Plenty of horror films boast the experience of “entering the mind” of a murderer. It’s a common claim that lets the artistic and tactless alike puff out their chests and declare themselves the definitive window into the psychosis that drives one to kill. Films like John McNaughton’s Henry: Portrait of a Serial Killer and Lars Von Trier’s The House That Jack Built leap to mind, their guns loaded and knives sharp. However, as early as 1983, in unassuming Austria, Gerald Kargl made Angst and gave the definitive peek inside a killer’s mind.
The film follows K (played by Erwin Leder), a paroled criminal determined to kill again. The story beats line up loosely with the crimes of Austrian mass murderer, Werner Kniesek. Particularly the massacre of a family of three in their own home. It’s a simple enough plot, a basic black outline in which the film splatters wanton colors with an artistic flourish. This is one of the reasons I keep coming back to horror. Few other hamlets in cinema country seem as inventive and improvisational in their treatment of basic stories. Like different instruments playing the same song, something as generic as a home invasion can become an exploration in sight, sound, and kinetics.
Angst as a psychotic case study
Shudder’s version of the film includes its somewhat stilted opening sequence: a slideshow-esque retelling of K’s harrowing life story. While the added context is appreciated, it slowed the momentum of an otherwise non-stop film. The sequence walks us through K’s life, his mother, and his relationship with a much older prostitute. It also explores his burgeoning interest in sadomasochism, all through brief interruptions over a solid black frame. We understand this psychopath, the ingredients that baked together to crust over and become a man who lives for blood. Then, the film unleashes him on the world, and on us.
With an aggressive, percussive score, the atmosphere of Angst creates a palpable tension between the world and K’s perception of it. We never truly settle into this depraved new world as we do in Henry or Jack. Angst actively steals our sense of security with frantic camera work and jarring sound design. One moment every action and diegetic sound shrinks inside an ice-cold bath of loud drums and furious synth. The next moment is absolute silence save for the clicking of K’s shoes. Shot composition exercises absurd juxtaposition akin to Argento’s Giallo, the dripping water in K’s prison cell against the sky above the prison.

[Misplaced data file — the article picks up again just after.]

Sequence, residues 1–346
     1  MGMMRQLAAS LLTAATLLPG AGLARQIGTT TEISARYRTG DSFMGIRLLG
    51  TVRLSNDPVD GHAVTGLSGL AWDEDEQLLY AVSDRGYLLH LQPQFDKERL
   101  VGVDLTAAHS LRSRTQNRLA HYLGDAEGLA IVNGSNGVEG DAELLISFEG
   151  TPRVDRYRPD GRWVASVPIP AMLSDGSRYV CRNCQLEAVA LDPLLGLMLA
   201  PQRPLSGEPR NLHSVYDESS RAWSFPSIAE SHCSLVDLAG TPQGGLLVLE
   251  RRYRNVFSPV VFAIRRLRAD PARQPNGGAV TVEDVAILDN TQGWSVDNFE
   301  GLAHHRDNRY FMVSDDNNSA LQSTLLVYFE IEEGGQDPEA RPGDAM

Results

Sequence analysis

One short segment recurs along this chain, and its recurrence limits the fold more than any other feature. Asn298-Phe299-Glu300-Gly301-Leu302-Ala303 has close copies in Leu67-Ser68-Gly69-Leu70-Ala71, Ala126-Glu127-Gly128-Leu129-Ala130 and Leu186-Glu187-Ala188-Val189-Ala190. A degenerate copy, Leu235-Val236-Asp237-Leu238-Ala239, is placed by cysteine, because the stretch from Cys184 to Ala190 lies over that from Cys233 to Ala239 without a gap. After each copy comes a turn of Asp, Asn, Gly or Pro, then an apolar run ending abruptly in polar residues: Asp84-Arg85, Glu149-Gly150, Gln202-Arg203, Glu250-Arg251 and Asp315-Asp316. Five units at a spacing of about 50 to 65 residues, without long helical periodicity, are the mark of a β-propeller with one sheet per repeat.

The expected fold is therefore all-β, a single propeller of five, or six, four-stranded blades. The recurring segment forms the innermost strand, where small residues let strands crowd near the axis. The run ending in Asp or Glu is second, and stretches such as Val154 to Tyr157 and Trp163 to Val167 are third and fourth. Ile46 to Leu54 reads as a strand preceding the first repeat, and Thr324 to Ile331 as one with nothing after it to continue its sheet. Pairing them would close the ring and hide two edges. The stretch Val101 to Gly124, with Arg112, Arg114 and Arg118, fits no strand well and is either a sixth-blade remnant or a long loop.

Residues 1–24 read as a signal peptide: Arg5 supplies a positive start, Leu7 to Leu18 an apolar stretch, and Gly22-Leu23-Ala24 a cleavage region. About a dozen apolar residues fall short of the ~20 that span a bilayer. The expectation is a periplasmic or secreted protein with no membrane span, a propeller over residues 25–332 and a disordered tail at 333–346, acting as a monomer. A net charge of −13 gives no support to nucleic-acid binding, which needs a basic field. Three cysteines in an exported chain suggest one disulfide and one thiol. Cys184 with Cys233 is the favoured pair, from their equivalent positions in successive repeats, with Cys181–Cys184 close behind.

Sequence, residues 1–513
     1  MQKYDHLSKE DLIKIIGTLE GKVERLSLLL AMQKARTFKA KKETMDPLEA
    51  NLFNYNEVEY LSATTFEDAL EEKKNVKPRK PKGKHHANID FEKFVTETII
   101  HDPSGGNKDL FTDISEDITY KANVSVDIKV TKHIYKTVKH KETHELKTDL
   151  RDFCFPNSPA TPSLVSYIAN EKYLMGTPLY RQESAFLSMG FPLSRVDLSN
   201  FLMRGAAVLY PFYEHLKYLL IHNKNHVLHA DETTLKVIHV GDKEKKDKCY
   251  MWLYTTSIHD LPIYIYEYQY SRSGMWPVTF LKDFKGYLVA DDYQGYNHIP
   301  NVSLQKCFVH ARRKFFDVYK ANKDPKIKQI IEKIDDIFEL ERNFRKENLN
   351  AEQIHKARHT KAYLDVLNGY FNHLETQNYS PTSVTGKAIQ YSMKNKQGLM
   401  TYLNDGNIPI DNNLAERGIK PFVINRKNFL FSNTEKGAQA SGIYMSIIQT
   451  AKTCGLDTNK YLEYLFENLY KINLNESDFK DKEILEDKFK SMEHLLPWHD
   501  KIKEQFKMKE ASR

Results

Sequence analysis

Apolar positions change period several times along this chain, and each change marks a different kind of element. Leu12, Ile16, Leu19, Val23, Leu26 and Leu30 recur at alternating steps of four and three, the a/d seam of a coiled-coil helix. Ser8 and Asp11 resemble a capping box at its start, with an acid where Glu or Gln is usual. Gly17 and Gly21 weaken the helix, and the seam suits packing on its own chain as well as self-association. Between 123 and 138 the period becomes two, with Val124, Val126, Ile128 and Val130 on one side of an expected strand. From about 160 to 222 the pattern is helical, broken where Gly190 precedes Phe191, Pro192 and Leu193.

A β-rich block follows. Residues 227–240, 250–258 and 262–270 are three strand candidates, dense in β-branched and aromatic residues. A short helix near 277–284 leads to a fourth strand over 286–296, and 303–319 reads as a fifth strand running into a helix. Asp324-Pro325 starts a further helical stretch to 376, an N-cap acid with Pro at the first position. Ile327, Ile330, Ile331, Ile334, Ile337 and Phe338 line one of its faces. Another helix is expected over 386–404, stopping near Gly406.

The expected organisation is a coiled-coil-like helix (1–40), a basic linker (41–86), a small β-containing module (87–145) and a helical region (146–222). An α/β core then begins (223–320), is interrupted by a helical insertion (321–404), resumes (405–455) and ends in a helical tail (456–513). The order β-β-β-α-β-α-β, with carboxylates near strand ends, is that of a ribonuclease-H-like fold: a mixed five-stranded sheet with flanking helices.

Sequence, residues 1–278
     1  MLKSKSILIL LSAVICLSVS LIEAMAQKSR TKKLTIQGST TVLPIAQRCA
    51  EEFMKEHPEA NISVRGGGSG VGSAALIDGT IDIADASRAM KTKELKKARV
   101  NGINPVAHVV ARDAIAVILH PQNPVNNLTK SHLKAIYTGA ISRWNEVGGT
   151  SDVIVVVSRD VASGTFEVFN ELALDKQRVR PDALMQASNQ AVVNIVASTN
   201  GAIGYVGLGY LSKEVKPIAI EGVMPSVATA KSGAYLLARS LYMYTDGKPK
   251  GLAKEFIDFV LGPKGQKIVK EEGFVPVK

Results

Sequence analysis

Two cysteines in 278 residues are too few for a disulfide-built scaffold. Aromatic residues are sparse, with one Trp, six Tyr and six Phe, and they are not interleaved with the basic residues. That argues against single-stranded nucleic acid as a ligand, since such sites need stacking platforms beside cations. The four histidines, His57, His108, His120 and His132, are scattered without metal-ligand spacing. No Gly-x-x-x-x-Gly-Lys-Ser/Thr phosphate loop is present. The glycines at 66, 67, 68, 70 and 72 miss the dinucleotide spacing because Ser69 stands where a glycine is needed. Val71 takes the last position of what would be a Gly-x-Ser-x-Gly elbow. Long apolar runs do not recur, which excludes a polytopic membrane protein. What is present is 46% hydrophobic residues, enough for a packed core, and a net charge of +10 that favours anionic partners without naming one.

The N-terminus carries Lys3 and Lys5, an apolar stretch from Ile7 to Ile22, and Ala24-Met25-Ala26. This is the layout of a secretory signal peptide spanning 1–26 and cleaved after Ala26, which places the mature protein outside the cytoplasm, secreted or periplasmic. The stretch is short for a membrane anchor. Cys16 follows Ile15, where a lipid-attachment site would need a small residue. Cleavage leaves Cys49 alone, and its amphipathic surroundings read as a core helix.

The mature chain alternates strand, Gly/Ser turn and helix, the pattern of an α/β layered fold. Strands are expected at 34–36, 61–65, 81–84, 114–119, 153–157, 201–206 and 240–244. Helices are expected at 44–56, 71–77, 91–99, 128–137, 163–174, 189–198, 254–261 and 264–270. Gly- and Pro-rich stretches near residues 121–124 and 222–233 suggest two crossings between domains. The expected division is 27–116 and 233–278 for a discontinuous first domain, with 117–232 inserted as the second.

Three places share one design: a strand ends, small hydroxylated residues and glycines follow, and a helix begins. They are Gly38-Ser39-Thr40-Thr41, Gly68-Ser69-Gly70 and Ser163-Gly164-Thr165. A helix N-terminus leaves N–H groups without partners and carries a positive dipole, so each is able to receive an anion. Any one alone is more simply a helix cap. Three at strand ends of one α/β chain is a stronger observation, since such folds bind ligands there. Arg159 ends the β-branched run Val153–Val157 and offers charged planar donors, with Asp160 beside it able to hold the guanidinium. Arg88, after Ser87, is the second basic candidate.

Angst as a Character Portrait
We spend the film with K, and any less capable actor would crumble under that pressure. Thankfully, we have Erwin Leder, who practically vibrates with a constant current of rage, excitement, fear, and revulsion. His bulging eyes and perpetual motion evoke a hungry rat, scurrying and sneaking around the house of his soon-to-be victims. His lines are entirely in voiceover, anchoring us deeper and deeper into the warped world of K.
The murders in Angst transcend their dated gore effects by virtue of their frenzied brutality. K stabs, strangles and shoots with animalistic glee. His bloodlust reduces him to an animal, grunting and wheezing, feral. It’s a startling look at an irredeemable killer.
Most interestingly, however, is the world through K’s eyes. While Leder’s voiceover guides us, Kargl and his camera focus our attention, snapping us again and again into a new perception. Women become jarring closeups of lips and thighs; a meal becomes the sheen of grease on K’s lips. Most prevalent, however, is the unshakeable feeling of fear. Angst, in the German language, means fear, rather than the existential ennui it denotes in English. K seems puppeteered by his fear.
Angst as a mirror for the horror fan
An interesting angle for a horror film, targeted towards an audience obsessed with the dance between fear and exhilaration, Angst is better for it. The film follows K, a slave to his craving, as he chases shadows and spectacles of his own fear. In a similar fashion, we follow K into our movie theatres, our TV screens, and our laptops in search of similar, albeit safer, thrills.
There’s no intellectual high-mindedness with Angst as we find in The House That Jack Built.
Nor is there the calm disregard for human life we see in Henry: Portrait of a Serial Killer.
There’s only the animal, man, and the lengths he will go to find and face and overcome his fear of the darkness within. There’s only the beast that bays for blood atop the hills of our hearts. To watch Angst is to see the beast, to feed it, and, hopefully, remind ourselves never to yield to it.
Perfect Double Feature with the perfect distillation of the conversation started with Angst, an unflinching and gleefully depraved 1992 hell-ride. I mean, of course, Man Bites Dog directed by Rémy Belvaux, André Bonzel, and Benoît Poelvoorde.